Dubai: Western financial institutions and investors are becoming increasingly comfortable with sukuk structures, and by the turn of this decade the total sukuk issuance is expected to exceed $100 billion, according to global rating agency Standard & Poor's.
"Mounting demand around the world for Sharia-compliant financial products and services is fueling the Islamic banking industry's buoyant expansion," said Standard & Poor's credit analyst Anouar Hassoune.
Sharia-compliant assets worldwide are now close to an estimated $500 billion and have been growing at more than 10 per cent per year over the past 10 years, placing Islamic finance in a global asset class all of its own.
In the Gulf and Asia, Standard & Poor's estimates that 20 per cent of banking customers would now spontaneously choose an Islamic financial product over a conventional one with a similar risk-return profile.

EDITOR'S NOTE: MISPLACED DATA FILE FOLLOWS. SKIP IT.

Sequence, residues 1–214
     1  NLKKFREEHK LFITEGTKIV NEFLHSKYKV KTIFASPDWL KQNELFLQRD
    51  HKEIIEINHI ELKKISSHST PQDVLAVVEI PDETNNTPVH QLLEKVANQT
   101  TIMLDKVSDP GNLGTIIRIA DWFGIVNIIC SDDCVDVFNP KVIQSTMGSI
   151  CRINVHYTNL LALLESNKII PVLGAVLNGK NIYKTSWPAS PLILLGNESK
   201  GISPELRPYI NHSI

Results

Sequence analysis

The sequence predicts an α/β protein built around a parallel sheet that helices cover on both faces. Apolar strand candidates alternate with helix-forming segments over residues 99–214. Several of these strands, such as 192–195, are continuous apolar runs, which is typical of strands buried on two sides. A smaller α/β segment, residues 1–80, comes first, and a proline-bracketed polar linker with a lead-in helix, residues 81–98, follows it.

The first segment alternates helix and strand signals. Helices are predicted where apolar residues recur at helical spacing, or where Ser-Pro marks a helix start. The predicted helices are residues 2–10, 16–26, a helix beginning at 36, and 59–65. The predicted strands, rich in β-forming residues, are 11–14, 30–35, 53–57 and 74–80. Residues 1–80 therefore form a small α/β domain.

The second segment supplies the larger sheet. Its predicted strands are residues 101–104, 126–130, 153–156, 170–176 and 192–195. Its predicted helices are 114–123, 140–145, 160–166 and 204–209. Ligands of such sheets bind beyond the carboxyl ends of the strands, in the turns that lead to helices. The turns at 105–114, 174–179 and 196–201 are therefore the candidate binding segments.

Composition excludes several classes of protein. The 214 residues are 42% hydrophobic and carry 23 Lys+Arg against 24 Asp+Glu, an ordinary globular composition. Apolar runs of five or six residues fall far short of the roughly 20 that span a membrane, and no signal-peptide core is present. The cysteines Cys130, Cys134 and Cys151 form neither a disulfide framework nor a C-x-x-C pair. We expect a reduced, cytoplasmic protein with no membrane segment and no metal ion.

The market share of Islamic banks currently stands at 12 per cent in Malaysia and 17 per cent in the GCC countries. Retail banking services and issuance of Islamic notes (sukuk), have been and will continue to be frontrunners in the global Islamic finance boom, the rating agency said.
"The development of Islamic finance in the Magh-reb should be gradual and the Mashreq is emerging as a natural partner," said Standard & Poor's credit analyst Mohammad Damak.
Islamic finance will continue to expand, both geographically and in terms of products offered, and newly created Sharia-compliant instruments are set to rival product offerings at conventional banks, according Standard & Poor's.